Son ofak ing whose heir rewrote the recordb ooks.
SOME kings of England felt no obligation toward the offspring of their mistresses, but that was not the case with Charles II, the Merry Monarch who liked to rule his realm from Newmarket. He conferred dukedoms on his illegitimate sons.
One particularly well-provided-for beneficiary was Henry FitzRoy, Charles's second son by Barbara Villiers, Duchess of Cleveland. A month short of his ninth birthday Henry was married to a five-year-old heiress, Isabella Bennet, the match bringing him Euston Hall and Park in Norfolk and providing the excuse to grant him the titles of Baron Sudbury, Viscount Ipswich and Earl of Euston. A few weeks short of his 12th birthday the lad was created Duke of Grafton.
The third duke (pictured below), whose private life was attended by much scandal and whose public life featured a brief unsuccessful stint as Prime Minister, enjoyed considerable success on the Turf as owner-breeder of three winners of the Derby and two of the Oaks. When he died in 1811, his heir came into possession of the finest stud in Britain, so it was to be expected that Euston would continue to thrive. In fact, George Henry FitzRoy, the fourth Duke, surpassed his father's achievements, winning 20 Classics as owner and 19 as breeder, tallies that have since been equalled, but never bettered.
There were two key factors that helped to enable a smooth transition of ownership and Euston's prolonged success. Along with a superior broodmare band, the fourth duke inherited a champion sire in Waxy and an outstanding trainer in Robert Robson, who had prepared Waxy for his 1793 Derby triumph when based in Lewes and was now established as the foremost trainer in Newmarket.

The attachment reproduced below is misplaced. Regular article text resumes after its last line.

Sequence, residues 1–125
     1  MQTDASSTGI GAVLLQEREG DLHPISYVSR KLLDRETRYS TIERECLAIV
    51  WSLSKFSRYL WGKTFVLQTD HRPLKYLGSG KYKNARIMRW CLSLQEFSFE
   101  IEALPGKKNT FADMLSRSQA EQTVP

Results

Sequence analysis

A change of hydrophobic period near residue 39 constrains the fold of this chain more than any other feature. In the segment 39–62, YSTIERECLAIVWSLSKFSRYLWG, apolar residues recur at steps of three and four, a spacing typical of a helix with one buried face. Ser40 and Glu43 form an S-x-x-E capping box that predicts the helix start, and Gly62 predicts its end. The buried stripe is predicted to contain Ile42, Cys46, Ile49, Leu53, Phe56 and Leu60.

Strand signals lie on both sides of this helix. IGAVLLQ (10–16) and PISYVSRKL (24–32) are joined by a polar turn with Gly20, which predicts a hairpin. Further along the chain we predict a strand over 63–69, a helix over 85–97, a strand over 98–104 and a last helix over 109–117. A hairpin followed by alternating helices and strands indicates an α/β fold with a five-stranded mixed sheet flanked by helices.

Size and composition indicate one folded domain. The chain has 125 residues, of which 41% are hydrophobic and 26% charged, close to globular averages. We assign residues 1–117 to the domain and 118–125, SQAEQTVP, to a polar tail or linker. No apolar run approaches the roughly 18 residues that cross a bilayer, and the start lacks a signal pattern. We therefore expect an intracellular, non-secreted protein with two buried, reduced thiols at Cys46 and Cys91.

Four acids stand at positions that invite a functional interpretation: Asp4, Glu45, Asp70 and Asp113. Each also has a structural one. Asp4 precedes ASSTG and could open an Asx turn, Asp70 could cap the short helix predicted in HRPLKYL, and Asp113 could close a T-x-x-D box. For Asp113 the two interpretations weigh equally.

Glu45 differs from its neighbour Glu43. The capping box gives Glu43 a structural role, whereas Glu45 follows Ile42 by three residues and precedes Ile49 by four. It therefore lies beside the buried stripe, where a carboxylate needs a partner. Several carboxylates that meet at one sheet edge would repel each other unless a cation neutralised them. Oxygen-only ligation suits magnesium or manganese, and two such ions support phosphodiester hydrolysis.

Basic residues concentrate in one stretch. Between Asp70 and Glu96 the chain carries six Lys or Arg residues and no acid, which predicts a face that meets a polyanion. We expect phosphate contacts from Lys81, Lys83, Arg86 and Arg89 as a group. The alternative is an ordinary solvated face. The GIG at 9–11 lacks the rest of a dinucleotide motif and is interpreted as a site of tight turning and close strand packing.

Robson, less severe on his horses than his contemporaries in the profession, was familiar with the characteristics of the Euston stock, most of whom descended from Julia, a daughter of Blank purchased by the third duke from Tommy Panton as a seven-year-old in 1763. Julia's foal of 1768 - t he year in which her owner became Prime Minister - w as a Snap filly called Promise, and she in turn, at the age of 20, became the dam of the celebrated Highflyer mare Prunella, whose exceptional brood included the 1804 Oaks winner Pelisse (by Whiskey) and the 1809 Derby winner Pope (by Waxy). The third duke's last Derby winner in the following year was Waxy's son Whalebone, produced by Prunella's most influential daughter Penelope (by Trumpator).